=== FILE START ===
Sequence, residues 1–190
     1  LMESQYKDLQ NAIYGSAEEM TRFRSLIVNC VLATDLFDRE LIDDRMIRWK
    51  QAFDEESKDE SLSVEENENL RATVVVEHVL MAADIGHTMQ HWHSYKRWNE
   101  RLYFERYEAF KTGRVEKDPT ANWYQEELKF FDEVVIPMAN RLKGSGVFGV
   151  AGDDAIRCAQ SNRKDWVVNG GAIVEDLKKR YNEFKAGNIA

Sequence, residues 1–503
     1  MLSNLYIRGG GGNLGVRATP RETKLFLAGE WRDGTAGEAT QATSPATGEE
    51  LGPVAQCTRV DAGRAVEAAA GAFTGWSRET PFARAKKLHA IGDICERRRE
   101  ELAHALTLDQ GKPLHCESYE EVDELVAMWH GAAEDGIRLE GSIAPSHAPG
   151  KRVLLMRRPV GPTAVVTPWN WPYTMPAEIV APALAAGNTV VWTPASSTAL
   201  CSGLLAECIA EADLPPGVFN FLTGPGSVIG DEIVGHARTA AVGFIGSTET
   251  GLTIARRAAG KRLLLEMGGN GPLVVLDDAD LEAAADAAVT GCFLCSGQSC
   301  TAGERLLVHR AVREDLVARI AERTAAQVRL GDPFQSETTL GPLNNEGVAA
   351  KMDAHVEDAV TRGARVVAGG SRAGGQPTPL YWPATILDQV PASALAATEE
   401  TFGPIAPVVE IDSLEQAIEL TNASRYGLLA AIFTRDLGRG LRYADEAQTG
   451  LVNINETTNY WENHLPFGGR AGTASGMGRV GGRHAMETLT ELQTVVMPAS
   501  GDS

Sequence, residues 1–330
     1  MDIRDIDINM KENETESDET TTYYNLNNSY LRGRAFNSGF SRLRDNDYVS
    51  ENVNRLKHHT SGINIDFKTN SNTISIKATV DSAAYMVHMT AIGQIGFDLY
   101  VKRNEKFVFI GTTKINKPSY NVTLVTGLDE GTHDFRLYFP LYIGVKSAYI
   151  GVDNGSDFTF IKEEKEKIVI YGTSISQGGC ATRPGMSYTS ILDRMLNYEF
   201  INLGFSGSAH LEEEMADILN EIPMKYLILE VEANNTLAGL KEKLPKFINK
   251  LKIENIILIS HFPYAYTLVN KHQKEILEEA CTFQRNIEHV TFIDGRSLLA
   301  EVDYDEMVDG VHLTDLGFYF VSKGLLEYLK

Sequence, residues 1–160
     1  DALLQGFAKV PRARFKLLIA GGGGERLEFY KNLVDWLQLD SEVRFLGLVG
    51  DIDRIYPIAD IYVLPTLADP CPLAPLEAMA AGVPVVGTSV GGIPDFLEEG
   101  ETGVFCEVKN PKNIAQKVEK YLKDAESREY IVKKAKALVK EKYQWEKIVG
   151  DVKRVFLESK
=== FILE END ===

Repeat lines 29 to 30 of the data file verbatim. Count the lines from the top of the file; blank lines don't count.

   101  ETGVFCEVKN PKNIAQKVEK YLKDAESREY IVKKAKALVK EKYQWEKIVG
   151  DVKRVFLESK